Australia is known for its wines. Though the wine industry established its foothold here later than in Europe, there was no looking back and the industry moved on from strength to strength. Production, consumption and export of wines increased over a period time. Though the Australian wine landscape is dominated by only a few wine varietals, it is noteworthy that the country has many more wine varietals for the wine enthusiasts. There are about 63 identified wine regions and more than 6000 winemakers who give their produce to about 2500 wineries for wine production. Among these winemakers are the ones who give less than 500 tonnes for crushing during a year to the wineries. 2098 such small winemakers were surveyed by Wine Australia, besides having data from a number of other sources to understand how these have contributed to the Aussie wine industry.

Following are the results of its finding:

These small-scale players have an important role to play. They contribute about $1 billion by the sale of their wines. This is about 88 percent of the domestic sales of wines in Australia. Considering these numbers, it is a fact that people like wines from small growers.

The second noteworthy point is that most of their sales come from retailers which accounts for 47 percent of their wine sale. The cellar door sale of wine has seen an increase of 7 percent which means that the people are now flocking more to have wines from them.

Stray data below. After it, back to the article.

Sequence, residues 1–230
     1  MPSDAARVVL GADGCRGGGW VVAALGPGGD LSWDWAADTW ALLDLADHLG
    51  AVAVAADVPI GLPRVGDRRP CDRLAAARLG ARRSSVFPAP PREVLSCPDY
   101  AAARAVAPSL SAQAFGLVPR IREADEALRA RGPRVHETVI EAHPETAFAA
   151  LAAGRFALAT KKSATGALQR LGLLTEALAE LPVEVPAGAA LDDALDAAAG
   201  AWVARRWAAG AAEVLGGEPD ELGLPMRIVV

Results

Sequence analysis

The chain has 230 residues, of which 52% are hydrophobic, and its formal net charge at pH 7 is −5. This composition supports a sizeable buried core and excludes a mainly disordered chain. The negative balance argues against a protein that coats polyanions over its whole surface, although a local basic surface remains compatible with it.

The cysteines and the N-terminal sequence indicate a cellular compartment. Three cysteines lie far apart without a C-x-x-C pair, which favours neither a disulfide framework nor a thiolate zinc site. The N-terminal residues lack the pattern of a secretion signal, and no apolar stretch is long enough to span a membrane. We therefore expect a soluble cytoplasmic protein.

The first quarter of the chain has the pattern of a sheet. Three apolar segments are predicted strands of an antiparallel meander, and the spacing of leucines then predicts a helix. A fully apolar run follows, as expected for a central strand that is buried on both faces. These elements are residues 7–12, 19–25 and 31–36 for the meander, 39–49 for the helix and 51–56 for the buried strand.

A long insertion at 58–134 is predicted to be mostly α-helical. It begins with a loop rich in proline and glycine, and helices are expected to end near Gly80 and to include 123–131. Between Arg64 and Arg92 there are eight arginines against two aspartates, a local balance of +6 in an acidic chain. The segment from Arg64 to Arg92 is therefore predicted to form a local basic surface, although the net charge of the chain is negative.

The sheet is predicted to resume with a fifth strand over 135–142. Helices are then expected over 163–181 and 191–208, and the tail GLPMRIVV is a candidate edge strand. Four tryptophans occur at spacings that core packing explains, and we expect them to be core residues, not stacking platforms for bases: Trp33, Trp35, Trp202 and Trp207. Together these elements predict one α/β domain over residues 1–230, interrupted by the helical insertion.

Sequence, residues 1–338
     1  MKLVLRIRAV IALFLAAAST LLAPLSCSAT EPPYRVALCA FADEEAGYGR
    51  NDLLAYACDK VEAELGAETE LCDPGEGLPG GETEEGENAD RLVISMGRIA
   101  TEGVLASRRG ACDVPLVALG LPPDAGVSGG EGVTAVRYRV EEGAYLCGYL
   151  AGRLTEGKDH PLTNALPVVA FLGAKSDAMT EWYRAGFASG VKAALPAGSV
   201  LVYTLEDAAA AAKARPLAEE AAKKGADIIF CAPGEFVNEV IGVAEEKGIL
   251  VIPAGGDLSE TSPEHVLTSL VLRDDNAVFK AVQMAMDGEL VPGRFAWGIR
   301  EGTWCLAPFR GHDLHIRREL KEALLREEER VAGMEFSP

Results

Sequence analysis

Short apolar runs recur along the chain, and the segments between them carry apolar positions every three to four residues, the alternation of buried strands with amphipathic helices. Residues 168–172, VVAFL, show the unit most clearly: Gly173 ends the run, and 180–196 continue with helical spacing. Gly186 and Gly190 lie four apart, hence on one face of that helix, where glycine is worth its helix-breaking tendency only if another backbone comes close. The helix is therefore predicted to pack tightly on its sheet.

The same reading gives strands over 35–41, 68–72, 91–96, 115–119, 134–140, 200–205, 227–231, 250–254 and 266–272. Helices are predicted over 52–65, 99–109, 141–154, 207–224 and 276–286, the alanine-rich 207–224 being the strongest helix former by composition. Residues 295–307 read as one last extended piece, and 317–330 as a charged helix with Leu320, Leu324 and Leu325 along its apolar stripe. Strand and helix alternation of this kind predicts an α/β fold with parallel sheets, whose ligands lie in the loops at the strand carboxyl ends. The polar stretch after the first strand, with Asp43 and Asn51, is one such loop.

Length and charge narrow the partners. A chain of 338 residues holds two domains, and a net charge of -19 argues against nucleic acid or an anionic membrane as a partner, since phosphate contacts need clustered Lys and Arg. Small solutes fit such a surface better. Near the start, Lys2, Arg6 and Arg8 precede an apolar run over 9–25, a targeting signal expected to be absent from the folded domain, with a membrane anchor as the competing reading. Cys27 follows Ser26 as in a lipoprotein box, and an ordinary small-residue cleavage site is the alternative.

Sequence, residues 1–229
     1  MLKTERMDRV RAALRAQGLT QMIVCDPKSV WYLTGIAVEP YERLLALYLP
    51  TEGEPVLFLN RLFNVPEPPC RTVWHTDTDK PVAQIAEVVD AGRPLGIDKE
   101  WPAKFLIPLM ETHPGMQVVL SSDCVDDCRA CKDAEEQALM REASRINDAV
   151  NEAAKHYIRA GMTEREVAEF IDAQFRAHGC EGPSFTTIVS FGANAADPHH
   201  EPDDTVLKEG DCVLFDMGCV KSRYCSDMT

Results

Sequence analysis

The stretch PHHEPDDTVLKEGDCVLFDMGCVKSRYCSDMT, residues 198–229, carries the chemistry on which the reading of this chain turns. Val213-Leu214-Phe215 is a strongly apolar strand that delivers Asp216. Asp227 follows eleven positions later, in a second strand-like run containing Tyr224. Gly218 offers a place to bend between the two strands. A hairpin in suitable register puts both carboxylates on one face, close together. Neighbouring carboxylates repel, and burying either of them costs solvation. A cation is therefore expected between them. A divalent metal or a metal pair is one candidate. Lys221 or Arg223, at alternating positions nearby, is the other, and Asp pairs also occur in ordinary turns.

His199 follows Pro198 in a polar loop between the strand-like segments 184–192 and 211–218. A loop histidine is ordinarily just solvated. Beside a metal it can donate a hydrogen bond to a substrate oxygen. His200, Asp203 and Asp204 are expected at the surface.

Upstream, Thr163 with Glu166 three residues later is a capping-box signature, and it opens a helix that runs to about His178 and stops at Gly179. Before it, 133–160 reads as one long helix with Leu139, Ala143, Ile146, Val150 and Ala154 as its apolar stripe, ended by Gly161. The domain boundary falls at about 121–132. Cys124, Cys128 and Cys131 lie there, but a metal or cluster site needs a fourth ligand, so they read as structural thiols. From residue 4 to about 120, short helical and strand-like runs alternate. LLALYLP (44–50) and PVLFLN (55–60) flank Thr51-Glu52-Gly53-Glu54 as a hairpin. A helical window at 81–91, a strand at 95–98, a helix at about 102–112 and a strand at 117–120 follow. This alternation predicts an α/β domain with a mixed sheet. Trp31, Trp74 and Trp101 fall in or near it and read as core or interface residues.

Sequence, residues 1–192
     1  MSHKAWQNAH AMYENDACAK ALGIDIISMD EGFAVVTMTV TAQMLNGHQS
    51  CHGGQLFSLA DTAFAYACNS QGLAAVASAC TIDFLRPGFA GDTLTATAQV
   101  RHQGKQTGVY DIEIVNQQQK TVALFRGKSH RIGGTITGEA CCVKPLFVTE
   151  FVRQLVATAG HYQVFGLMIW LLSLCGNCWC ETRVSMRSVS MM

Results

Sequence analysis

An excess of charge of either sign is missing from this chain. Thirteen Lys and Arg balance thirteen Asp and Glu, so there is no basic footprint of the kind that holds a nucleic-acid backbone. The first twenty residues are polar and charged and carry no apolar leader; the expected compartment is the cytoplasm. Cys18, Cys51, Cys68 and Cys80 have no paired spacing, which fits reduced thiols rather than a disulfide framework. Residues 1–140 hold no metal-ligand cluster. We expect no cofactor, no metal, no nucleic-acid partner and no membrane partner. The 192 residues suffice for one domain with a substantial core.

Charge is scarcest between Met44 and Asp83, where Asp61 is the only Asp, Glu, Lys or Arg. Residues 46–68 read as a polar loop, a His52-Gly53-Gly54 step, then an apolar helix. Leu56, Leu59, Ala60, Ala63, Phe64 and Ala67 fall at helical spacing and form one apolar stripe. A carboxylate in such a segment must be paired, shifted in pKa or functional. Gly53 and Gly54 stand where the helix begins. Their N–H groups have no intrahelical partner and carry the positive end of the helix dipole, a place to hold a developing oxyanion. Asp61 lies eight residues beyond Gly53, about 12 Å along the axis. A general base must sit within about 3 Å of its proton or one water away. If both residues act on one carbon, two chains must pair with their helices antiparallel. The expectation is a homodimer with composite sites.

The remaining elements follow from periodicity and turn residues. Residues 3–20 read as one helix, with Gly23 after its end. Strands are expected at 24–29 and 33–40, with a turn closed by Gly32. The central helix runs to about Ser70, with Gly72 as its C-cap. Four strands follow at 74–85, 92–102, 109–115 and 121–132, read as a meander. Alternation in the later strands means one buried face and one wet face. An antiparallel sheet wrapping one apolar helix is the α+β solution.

Against the common belief that these small grape growers would be selling their produce to other wineries for making wine, it has been reported that almost half of wine-production from their produce occurs in their own wineries. To that extent, it shows increasing trend towards self-sufficiency in wine making process.

So, while the 12 First Families of Wines of Australia dominate the landscape along with the other major players, the role of these small winegrowers no less important. In recognition of this fact, the government has started a range of initiatives for last 5 decades for increasing the production, domestic sale and export of wineries.

An Analysis of National Vintage Report 2017

Wine Australia has brought out the National Vintage Report of 2017 which is reflection on which grape varieties were dominant in terms of tonnage crushed in the year 2017. The report provides both varietal and region based statistics and is a pointer to which varietals are ruling the Aussie wine market.